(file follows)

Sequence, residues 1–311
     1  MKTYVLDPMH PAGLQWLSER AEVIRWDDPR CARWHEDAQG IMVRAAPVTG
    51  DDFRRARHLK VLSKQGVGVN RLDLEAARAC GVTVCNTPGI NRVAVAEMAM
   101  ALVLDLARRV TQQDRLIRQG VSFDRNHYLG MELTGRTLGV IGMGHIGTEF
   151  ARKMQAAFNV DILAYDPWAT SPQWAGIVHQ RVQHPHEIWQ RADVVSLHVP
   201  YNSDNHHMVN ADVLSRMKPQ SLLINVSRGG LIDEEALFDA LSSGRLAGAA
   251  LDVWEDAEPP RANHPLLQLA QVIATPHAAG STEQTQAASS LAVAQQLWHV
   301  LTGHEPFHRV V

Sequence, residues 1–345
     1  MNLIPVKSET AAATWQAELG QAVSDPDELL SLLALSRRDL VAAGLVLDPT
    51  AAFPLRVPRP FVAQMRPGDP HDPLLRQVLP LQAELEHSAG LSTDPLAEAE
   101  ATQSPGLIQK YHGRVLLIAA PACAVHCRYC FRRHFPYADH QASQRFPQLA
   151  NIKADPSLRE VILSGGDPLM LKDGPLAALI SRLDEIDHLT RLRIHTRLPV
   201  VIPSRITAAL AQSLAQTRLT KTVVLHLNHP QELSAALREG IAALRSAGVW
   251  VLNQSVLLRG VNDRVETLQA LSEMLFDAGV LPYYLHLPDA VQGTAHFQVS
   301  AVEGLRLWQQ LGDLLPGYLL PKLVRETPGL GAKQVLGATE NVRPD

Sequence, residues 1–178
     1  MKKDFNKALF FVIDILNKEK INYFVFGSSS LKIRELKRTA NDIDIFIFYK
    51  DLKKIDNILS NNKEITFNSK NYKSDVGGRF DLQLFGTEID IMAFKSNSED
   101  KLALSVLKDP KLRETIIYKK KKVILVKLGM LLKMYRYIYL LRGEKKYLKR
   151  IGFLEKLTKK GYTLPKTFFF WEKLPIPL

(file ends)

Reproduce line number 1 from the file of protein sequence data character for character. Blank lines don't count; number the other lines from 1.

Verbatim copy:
Sequence, residues 1–311